In future postings, we hope to highlight vines with merit that may not be readily used or known. We’ll start with annual vines. Why use vines that only last one season when some perennial vines last for decades? The annual flowering vines we’ll discuss are inexpensive, quick to root, twine, climb, and go. There are times when structures are built with the intention of perennial vines to cover but look bare waiting years for the vines to develop. While waiting for the perennial vines to establish and make their slow climb upward, annual vines can be supplemented to cover part of the structure, with some growing up to 20-25’ per season. These annual vines have fascinating qualities that many of the long-lasting vines do not possess.

Purple Hyacinth Bean flowering
Photo: gardeningknowhow.com

Annual Flowering Vine of the Week: Purple Hyacinth Vine

Name a bean that would have been preferred by both Prince (or The Artist Formerly Known As…), Barney the Dinosaur, and Thomas Jefferson? The Purple Hyacinth Bean fits the bill. The only connection the first two have is the love of the color purple. As for Thomas Jefferson, he was fond of the Purple Bean, and it still has grown to this day on his estate Monticello in Virginia. 

Purple Hyacinth vine
Photo: i.etsystatic.com

It is also the bonus bean. Not only do you get a beautiful cluster of purple-pink blooms but later when the flowers fade, you get bold-colored beans. The waxy, purple pods are truly an unexpected feature to the vine. The first time I saw them I didn’t think they were real. Are the beans edible? The wild, less refined bean is used as a forage legume for livestock. Though consumed in Africa and Asia by humans, they require prolonged cooking with several changes of water. With so many tasty bean species available why bother with one when uncooked is rated as a “low severity poison”. Clearly, the Purple Hyacinth Bean has been developed for its ornamental features and not consumption.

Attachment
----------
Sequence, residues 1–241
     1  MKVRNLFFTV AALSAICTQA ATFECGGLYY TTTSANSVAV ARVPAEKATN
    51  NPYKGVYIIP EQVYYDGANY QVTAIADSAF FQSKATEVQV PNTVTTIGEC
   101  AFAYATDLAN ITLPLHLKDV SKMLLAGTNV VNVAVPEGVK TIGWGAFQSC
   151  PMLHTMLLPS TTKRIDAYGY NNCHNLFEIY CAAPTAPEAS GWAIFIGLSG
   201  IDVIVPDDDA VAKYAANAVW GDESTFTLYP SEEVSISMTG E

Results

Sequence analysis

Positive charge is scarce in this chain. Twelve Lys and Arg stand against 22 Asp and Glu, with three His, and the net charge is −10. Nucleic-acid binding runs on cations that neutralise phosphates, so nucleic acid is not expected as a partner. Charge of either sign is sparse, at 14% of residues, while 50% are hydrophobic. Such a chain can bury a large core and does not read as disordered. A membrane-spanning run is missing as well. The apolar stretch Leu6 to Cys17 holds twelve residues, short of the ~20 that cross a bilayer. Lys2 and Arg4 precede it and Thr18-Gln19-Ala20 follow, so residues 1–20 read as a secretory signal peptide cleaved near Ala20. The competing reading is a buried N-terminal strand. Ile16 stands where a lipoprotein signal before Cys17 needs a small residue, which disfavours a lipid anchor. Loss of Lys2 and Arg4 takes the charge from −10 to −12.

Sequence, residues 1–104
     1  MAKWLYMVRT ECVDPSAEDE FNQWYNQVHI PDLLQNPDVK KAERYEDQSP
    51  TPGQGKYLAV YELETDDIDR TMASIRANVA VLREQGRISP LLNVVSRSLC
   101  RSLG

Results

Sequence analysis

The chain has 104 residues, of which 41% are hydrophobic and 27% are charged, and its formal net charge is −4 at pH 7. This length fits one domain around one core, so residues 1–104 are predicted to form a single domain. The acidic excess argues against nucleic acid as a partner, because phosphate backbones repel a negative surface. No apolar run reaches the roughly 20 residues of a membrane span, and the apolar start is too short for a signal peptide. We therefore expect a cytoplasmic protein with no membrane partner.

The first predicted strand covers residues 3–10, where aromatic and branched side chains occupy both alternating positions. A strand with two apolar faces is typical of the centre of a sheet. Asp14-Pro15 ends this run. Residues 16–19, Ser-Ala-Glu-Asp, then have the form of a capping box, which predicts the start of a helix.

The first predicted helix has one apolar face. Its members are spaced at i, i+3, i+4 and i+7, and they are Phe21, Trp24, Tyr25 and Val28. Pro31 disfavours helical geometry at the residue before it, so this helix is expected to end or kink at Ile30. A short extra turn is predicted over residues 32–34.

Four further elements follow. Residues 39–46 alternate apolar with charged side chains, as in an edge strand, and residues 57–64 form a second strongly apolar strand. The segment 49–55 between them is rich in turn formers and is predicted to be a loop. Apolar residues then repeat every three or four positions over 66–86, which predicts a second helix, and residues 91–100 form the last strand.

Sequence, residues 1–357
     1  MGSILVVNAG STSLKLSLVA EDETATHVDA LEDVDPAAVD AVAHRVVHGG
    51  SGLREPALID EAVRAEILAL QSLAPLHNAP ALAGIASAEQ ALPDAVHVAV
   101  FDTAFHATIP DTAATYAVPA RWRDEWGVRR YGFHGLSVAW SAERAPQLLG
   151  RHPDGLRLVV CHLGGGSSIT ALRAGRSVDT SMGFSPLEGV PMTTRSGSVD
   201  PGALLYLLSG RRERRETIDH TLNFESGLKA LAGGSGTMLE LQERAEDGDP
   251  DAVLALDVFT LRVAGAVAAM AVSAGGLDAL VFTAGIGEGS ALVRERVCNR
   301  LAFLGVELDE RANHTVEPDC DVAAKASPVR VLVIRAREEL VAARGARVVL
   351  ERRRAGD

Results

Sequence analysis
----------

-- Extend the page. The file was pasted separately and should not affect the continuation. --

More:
Learn More About The Purple Hyacinth:

  • Varieties: ‘Ruby’, ‘Ruby Moon’ (ranging from lavender to white flower), and a bronze-leaf and red-leaf variety.
  • Vine growth: Once established, i.e. guided to a trellis or fence, it will twine, take hold and climb 5’ to 15’ depending on-site location. 
  • Requirements: Full sun for best flowering and rate of growth.
  • Water needs: low, unless enduring drought conditions. Handles hot humid weather.
  • Soil conditions: Adaptable for the most part, ideal in moist but well-drained soil. 
  • Cold Hardiness: strong until the frosts of autumn take it out.
  • Structure: arbors and arbor-gates, trellis, fences, etc

Save the seeds in the fall, dry and store, then plant them the following year. 

Purple Hyacinth Bean
Photo: davesgarden.com

-Rob McCartney, Horticulturist

Please feel free to contact me with any questions or for more info at: rmccartney@greatlakeslabel.com


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